The Cellar Bar, Edinburgh, Weekly Fri

In a scene beset by closures and relaunches, the Cellar Bar takes the biscuit. It was run as a jazz cellar, with the emphasis very much on live performance, until early 2002, when it was smartened up, an association with the hip Blue Note label was formed, and the focus shifted towards dancefloor friendly beats - including entertaining nu-jazz shindig Trouble at the Blue Note. Then, in December of that year, fire decimated the Cowgate: the venue suffered minor damage, mostly from water. When it reopened, owners Festival Inns (the company behind Faith and the Three Sisters) branded it up as the Peppermint Lounge and installed a mainstream music policy.

The venue has finally gone leftfield again. It’s returning to the Cellar Bar name, is looking to feature live music through the week, and has a clubs schedule at the weekend, with Trouble as the mainstay of its Friday nights. According to Trouble promoters Hobbes (Dfrnt Drum) and Erik d’Viking (Say Samba!), meanwhile, the loss of the Blue Note tag could be something of a blessing. ‘Now we’ve lost the association we can spread our wings a bit more and go beyond nu-jazz, which we tended to do a fair bit before anyway,’ says Hobbes. ‘The word we’ve been using is freestyle, which I picked up from a Swiss DJ called Alex Attias. It’s really a mix of soul, funk, jazz, hip hop, house and electro stuff.’

Trouble’s return sees Erik and Hobbes play alongside Rainer Trijby, who’s signed to Michael Reinboth’s highly regarded

Compost label and is one of Gilles Peterson’s favourite DJs. Trijby produces as part of the Trijby Trio, which also features Fauna Flash’s Christian Prommer and Roland Appel. He is full of praise for Edinburgh’s Jo Malik, who he introduced to

Reinboth. ‘I was DJing with him in Edinburgh about five or six years ago and he dropped this track, it was ‘Grand Unified’ I think, and it had this amazing vocal on it, I thought it was sung by a woman. But he said

Carlos Adolfo Dominguez

78 THE LIST 7', 'ii I Hi; 7U»:

(James Smart)


The Soundhaus, Glasgow, Sat 7 Feb

It seems all good things days in the sun, free education come to an end. Some things putter on endlessly however: others end on a high. So it is with Traxx at the Soundhaus. And the reason for the end of this four~year residency? 'In 2004 the club scene needs a kick up the arse.‘ says DJ Tom Churchill. 'The Soundhaus is a great Saturday night venue but there's a risk in doing the same thing at the same venue for too long. We want to try new things in new venues.’

That restless sentiment is consistent

Causing Trouble, Rainer Triiby

it was him. And I said “Well done, brother.”’

It sounds like Triiby should suit Trouble’s wide- ranging music policy. ‘I buy a lot of records every week, so there’s always new music in my crate. I sometimes play housier clubs and sometimes jazzier clubs, so I take a mix of records. But the best nights are the ones where I’m playing records from both stacks and people are smiling and dancing.’

With the Traxx ethos. The music ain't easy to pin down. Wllll Churchill and his accomplice Simon Cordiner thrownig llll) hon. funk and R88 in Wllli the house and techno and Billy and Mat in the bar playing a mash up of disco. soul and house.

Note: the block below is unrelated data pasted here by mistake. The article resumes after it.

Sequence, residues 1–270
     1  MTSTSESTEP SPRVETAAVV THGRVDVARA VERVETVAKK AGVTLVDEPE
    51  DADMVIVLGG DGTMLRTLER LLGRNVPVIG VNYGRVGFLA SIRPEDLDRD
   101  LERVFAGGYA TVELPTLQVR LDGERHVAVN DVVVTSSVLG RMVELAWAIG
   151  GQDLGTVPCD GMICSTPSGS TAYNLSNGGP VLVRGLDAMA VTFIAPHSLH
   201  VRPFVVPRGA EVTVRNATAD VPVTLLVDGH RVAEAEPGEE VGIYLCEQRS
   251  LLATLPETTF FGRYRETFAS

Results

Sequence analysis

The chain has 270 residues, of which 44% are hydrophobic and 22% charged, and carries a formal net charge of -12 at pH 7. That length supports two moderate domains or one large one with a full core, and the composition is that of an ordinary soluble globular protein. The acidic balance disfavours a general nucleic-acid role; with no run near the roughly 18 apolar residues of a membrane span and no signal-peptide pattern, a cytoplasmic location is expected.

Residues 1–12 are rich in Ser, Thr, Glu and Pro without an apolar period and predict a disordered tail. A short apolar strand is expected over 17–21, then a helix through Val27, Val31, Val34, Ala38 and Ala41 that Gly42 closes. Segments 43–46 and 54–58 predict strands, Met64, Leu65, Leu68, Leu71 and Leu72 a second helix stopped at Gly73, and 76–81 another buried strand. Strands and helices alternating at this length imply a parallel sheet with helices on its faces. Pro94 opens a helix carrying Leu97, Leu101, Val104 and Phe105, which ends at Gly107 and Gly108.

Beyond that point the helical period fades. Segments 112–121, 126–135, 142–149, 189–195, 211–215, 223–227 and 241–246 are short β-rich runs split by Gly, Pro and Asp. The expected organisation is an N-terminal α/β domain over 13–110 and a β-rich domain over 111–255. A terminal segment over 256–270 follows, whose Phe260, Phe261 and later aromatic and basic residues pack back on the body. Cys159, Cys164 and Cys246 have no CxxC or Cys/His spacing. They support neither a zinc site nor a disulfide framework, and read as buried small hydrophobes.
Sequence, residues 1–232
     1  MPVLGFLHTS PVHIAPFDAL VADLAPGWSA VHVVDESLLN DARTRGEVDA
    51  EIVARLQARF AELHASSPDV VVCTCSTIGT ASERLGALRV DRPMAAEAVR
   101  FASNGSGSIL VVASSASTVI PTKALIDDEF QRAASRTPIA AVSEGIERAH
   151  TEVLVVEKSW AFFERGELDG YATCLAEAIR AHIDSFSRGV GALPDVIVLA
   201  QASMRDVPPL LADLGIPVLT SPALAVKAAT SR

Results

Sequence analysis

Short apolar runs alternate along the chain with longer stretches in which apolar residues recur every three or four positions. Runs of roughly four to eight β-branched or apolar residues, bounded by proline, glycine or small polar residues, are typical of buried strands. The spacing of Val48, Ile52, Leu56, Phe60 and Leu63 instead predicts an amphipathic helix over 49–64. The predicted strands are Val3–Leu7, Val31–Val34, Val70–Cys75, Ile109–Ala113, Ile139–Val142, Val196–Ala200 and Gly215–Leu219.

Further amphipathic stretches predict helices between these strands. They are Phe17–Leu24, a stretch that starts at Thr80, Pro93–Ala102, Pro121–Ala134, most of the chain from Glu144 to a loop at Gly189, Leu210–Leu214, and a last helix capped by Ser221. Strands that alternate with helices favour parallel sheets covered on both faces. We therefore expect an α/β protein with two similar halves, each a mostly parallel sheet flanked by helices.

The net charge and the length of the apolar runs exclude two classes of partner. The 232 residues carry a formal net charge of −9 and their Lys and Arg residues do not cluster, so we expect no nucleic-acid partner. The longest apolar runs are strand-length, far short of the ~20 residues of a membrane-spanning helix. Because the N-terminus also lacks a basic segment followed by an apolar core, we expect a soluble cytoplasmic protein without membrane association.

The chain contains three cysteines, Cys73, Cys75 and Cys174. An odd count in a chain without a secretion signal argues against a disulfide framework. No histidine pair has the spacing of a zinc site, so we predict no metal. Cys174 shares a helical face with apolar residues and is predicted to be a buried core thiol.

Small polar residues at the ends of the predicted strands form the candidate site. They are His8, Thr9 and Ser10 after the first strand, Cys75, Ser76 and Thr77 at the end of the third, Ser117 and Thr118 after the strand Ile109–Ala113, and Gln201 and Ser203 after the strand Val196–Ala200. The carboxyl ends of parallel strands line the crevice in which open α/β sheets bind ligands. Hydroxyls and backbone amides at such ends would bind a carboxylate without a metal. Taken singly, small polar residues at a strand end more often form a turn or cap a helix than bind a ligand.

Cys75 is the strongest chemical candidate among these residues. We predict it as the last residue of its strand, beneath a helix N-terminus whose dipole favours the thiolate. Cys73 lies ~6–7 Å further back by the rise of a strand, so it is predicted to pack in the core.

Future events are already under wraps. but the Soundliaus farewell should see lraxx on easy street as the regulars make it out in their numbers. There's a lot to get excited about too. With guests including long-established house sensation Glen Gunner and Traxx favour'te Carlos Adolfo Doininguex. Now that's a good way to end. lKenny llodgarti


The latest club news

Highland Hustlers

WE’LL START WITH THE BAD news then move onto the good. Unfortunately the celebrity Glasgow Fabulous specials have been postponed, but expect the Slam/Lucy Sweet collaboration next issue. But of course there is a regular G Fab strip for your delectation this issue.

SCOTTISH DRUM & BASS bootleg outfit Highland Hustlers have a second release out. already getting play from Grooverider as well as the Scottish drum & bass contingent. ‘Scam 2' features a reworking of dancehall hero Sean Paul’s ‘Infiltrate' and on the flip-side we have a jungle version of the Brazilian classic ‘Mas Que Nada'. THE DJ AND PROMOTER Handbook, the Music Industry Manual’s seventh edition, is out now. It’s an essential guide to clubs, DJs and promoter services, listing everything you need to know from record shops to DJ agencies. It’s available exclusively from www.musicindustrymanuual.c om and Wrgin Megastores and costs £24.95.

AND FINALLY, FOR VALENTINE'S Day Vegas is holding a romantic Valentine‘s Ball at Ego. Edinburgh on the day itself. with a special offer of free entry for those getting married on the night. As Vegas puts it: ‘Marriage ceremonies will be conducted at the club by the Reverend Rufus 8 Sweet from Arkansas. in the Vegas Chapel of Everlasting Love. under the auspices of the Ozark State Gaming Commission (firearms. tobacco & hitchin' division). For lovin' couples who want to make a spurious commitment to one another, the wedding licences can now be downloaded from ‘events' on The wedding licence should be brought along to the club on the night. AlthOugh the Reverend Rufus is fundamental in his beliefs, Vegas doesn't care about the gender mix of the couples so long as one of them (at least) is wearing a wedding dress.‘